I read with great interest your “Note to Our Readers” in the January Conservationist, titled The Value of Missouri Traditions. The article reminded me of the traditions we have on our farms north of Norborne in Carroll County. The “home place” has been in our family since 1877. We cherish our heritage, the memories we have of family members, and also the anticipation of protecting and preserving our heritage to pass on to future generations.
We have another farm four miles from the home place that belonged to my brother, Gary, who was a polio victim and passed away nine years ago. Although polio took its toll on him with numerous surgeries and hospital stays throughout his life, he was able to persevere with braces and other assisting devices to engage in farming his 160-acre farm. Since his passing we have worked with the Department of Conservation staff on a wildlife restoration project in his memory.
We also have a 13-year-old granddaughter who has, for the past two and a half years, faced the challenges of leukemia. Remembering the challenges faced by my brother and with what our granddaughter has gone through, we decided to develop Gary’s farm into a disabled-accessible project for disabled children and their families. We are building disabled-accessible docks around the ponds and developing camping areas and other appropriate facilities to accommodate others who have unique challenges and want to participate in a variety of outdoor activities.
We have been able to work on this dream with the assistance of numerous conservation specialists. Greg Pritchford, Department of Conservation fisheries specialist, has been very helpful in giving us the appropriate advice and counsel about aquatic life in our ponds in order to maintain an active fishing opportunity for visitors. Mike McClure, biologist, has been helpful in establishing a Ducks Unlimited project and also a wetlands project on our home place. Many individuals with the Conservation Department have been eager to help with our efforts to be good stewards of the land, and I am indebted to each of them for the help we have received.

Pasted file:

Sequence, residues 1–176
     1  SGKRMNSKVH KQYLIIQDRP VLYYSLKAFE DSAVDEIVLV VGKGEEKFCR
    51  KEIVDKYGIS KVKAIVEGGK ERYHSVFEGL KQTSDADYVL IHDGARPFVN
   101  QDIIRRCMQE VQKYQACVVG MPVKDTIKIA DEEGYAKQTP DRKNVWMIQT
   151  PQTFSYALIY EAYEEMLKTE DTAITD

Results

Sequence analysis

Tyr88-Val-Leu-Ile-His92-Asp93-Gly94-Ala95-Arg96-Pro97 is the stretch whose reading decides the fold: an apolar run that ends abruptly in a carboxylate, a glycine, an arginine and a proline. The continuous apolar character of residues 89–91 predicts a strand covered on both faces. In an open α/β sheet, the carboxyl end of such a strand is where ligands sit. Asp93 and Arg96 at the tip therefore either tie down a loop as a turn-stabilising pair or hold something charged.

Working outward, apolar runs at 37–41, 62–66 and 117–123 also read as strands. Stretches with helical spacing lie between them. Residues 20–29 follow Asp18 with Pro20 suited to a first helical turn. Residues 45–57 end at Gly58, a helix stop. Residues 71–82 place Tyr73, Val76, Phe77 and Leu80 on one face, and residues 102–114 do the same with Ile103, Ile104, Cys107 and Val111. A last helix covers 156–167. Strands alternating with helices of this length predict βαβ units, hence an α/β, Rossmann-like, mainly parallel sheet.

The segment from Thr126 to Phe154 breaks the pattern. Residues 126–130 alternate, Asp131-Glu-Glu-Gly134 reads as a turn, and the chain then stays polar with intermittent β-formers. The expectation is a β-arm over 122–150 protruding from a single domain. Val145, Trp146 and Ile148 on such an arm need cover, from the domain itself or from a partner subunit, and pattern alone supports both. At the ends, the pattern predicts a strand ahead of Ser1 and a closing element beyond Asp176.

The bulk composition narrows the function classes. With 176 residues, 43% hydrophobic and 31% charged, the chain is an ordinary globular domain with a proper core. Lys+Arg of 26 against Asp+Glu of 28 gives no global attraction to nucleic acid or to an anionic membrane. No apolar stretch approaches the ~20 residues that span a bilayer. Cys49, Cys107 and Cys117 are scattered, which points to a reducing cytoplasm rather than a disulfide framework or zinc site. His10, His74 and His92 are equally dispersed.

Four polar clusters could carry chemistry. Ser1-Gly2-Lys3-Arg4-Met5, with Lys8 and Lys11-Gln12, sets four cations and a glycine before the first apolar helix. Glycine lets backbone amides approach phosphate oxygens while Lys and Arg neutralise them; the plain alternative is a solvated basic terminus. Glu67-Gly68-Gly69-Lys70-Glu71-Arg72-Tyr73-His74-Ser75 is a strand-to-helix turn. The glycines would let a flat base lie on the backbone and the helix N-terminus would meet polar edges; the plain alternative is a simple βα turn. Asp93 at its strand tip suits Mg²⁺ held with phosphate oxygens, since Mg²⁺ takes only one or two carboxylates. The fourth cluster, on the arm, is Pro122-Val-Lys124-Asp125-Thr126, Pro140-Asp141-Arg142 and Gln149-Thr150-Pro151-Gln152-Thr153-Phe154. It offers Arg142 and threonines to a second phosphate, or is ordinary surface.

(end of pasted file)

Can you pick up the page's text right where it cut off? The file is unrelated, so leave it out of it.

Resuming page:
Since we began, Lee Metcalf, private land conservationist, has been with us every step of the way. He has been a tremendous resource and his level of expertise and knowledge are evident in your Key Quail Habitat 2009 Calendar that he coauthored. This document has provided endless information as we continue to improve upon “the value of Missouri traditions” and share these traditions with others.
We are probably two to three years from completion of our project. This spring and summer my wife, children and grandchildren, and our partners with the Conservation Department, have an aggressive schedule planned to move us closer to completion of this project.
Best regards for continued progressive leadership of the Missouri Department of Conservation, and thanks to all of those associated with the Department for their help and support.
Richard Phillips, Lake Tapawingo
Editors’ note: The Conservation Department is committed to making its programs, services and outdoor resources accessible to everyone. To learn more about disabled-accessible conservation areas and facilities, check out Disabled-Accessible Outdoors online link listed below, or request this free publication by e-mailing email@example.com or mailing your request for publication HR0062 to Publications, Missouri Department of Conservation, PO Box 180, Jefferson City, MO 65102-0180.